I mix batch in a bucket or small plastic drum cut in half. I use a drywall mud or paint mixer and a drill, cardboard with a hole for the shaft on top of the bucket to keep the dust down. Fast and some of the most complete mixing so far. If you want super-sanitation on dust issues the industrial supply houses sell plastic bucket caps that look like a womens showercap. You'll have to add the hole for the shaft. I mix outside so the dust just fertilizes the grass.

When I was mixing a lot of clear I bought an inexpensive Harbor Freight concrete mixer.

Use a respirator and rubber gloves at a minimum for your protection.

----------------------------------------------

I know, you want an actual formula. I'll include some screen shots of my spreadsheets for the basic and something fancier with zinc and strontium.
Attached Images
File Type: jpg Basic Clear.jpg (69.0 KB, 58 views)
File Type: jpg Basic Clear Fancy.jpg (69.9 KB, 42 views)
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Old 01-30-2018, 08:20 PM
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A perectly reasonable response.Hands on, it ain;t so easy and I wish it were.

I have to remember one of my color class students when I asked as it repeatedly failed: "what color is the black tin in your recipe?" and the answer is "White".

Seeing and doing really is believing. As Dave suggests, it's not hard thoeretically, but, doing it is sort of harder.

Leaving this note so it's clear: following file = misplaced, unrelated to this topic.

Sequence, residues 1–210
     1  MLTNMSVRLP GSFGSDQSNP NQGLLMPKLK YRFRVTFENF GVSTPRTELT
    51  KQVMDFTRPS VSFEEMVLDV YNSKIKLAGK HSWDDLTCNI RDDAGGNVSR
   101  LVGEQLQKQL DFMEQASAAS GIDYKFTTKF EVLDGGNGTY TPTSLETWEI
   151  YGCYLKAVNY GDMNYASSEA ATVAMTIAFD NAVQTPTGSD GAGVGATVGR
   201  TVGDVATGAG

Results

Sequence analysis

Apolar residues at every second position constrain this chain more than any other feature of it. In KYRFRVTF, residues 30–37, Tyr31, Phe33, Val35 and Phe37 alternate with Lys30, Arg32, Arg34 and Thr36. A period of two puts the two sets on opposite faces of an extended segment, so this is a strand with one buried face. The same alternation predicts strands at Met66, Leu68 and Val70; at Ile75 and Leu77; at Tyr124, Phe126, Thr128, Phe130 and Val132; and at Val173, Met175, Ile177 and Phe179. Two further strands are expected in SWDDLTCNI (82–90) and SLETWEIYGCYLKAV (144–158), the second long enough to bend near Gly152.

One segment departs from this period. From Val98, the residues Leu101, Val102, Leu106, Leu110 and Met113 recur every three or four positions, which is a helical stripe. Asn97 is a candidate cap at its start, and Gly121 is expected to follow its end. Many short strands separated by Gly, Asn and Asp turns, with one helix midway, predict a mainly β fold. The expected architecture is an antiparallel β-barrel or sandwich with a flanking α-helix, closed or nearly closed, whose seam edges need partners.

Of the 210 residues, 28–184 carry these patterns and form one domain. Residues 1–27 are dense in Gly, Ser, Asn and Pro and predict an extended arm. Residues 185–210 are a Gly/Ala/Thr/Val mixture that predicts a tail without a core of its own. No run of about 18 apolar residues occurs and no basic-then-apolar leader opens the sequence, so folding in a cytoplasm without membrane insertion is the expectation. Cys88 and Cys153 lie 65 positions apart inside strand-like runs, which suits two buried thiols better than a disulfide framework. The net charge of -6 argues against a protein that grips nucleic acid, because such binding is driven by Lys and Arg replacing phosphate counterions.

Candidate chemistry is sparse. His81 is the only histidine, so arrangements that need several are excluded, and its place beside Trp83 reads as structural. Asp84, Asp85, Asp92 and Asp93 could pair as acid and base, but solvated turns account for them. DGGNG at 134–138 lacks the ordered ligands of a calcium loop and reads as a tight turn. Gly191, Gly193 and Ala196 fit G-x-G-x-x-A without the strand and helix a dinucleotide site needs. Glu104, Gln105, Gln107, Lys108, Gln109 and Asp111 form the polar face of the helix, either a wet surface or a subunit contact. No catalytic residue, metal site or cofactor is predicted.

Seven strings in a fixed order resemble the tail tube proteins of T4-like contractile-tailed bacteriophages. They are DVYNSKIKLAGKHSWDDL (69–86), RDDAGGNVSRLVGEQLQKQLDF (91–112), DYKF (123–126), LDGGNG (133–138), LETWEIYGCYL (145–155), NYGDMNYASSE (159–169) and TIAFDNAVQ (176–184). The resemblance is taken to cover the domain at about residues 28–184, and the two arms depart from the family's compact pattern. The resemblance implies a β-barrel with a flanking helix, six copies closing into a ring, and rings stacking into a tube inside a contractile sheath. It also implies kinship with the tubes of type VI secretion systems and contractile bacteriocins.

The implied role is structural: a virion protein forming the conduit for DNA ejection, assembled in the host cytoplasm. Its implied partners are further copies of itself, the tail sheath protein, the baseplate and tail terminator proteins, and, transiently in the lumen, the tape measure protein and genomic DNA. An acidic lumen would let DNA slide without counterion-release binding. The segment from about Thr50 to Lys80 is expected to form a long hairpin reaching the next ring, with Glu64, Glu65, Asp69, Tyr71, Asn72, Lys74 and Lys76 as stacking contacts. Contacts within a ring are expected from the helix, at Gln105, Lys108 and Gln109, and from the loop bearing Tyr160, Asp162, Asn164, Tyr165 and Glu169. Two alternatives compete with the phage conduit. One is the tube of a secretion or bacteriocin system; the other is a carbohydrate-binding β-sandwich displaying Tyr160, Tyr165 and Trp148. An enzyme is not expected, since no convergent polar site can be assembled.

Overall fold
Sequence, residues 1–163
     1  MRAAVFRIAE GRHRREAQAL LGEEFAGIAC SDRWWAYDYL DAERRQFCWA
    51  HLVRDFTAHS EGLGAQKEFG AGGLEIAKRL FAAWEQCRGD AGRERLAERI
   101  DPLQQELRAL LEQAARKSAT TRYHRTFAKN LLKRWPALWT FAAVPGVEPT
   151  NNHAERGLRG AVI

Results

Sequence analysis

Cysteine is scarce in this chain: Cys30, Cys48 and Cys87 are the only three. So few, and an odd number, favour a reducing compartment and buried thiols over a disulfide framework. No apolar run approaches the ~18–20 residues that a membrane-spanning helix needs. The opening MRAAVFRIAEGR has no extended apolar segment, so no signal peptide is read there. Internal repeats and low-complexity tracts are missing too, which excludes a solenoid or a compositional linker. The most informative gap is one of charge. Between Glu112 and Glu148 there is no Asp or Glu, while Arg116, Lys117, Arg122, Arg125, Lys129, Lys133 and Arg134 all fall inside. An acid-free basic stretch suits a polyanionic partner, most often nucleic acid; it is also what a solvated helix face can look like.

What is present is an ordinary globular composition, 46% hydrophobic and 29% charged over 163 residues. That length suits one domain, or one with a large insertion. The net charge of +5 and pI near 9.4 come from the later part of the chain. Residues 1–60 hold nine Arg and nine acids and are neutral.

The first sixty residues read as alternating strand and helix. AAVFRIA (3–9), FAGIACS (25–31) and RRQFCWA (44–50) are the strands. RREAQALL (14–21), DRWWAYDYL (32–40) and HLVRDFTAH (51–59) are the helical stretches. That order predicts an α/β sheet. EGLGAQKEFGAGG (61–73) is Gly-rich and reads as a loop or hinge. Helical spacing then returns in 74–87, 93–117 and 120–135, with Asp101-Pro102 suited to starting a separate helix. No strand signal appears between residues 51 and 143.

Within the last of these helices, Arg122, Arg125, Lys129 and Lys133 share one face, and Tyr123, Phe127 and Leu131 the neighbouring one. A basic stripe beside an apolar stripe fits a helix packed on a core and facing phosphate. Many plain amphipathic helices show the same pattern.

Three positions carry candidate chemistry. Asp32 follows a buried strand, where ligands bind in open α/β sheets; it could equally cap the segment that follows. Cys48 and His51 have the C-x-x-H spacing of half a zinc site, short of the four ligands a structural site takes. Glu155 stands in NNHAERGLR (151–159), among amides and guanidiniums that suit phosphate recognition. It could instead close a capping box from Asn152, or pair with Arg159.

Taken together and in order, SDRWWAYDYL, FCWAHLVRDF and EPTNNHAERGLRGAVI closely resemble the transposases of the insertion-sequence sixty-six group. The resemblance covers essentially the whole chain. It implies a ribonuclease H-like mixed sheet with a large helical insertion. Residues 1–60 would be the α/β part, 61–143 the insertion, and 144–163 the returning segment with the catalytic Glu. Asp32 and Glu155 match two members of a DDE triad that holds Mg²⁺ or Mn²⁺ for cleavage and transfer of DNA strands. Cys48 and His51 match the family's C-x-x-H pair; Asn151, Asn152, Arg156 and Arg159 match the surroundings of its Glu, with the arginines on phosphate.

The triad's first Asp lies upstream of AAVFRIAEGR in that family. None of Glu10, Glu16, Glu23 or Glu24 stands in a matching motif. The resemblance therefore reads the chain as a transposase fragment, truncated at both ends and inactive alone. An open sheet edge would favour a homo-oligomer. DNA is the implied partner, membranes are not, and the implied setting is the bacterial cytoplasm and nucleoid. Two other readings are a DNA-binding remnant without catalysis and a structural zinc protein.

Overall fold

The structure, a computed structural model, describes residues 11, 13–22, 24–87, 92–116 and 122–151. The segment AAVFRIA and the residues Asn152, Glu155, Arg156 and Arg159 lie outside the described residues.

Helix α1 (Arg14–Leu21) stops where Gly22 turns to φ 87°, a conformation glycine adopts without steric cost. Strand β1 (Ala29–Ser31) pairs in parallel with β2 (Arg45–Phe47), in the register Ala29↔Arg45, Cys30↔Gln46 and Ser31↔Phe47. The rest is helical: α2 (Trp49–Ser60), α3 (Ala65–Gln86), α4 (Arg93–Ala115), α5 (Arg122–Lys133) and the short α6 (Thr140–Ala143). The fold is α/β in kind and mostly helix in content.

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Old 01-30-2018, 11:11 PM
Brian Wong Shui Brian Wong Shui is offline
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I can confirm that Cristalica is corrosive to refractories. Iíve gotten more casting corrosion in the past 4 months of Cristalica compared to the previous two years of SP87. Cristalica has been chewing out a door that was cast in Supermax MZ

The economics donít seem to be working out either. Working temps are higher, washing out any energy saving from not melting batch. Couple that with more expensive glass to start with and higher maintenance cost, it means that Iím switching back to SP87ER after this pallet is complete. A failed experiment in my opinion.
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Old 01-31-2018, 07:26 AM
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Brian:
How is it affecting your pot? Do I recall correctly that you have a moly as well?
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Old 01-31-2018, 12:36 PM
Brian Wong Shui Brian Wong Shui is offline
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Brian:
How is it affecting your pot? Do I recall correctly that you have a moly as well?
Yes to moly.

Crucible isnít too bad right now. Some pitting but the crucible only has 4 months on it. I expect this to accelerate as the crucible gets to middle age.
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Old 01-31-2018, 10:45 AM
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Quote:
Originally Posted by Brian Wong Shui View Post
I can confirm that Cristalica is corrosive to refractories. Iíve gotten more casting corrosion in the past 4 months of Cristalica compared to the previous two years of SP87. Cristalica has been chewing out a door that was cast in Supermax MZ

The economics donít seem to be working out either. Working temps are higher, washing out any energy saving from not melting batch. Couple that with more expensive glass to start with and higher maintenance cost, it means that Iím switching back to SP87ER after this pallet is complete. A failed experiment in my opinion.
Ouch.... thanks for the info. I guess that I will make the switch back to SP batch after I am done with my cullet....
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Old 01-31-2018, 10:57 AM
Eben Horton Eben Horton is offline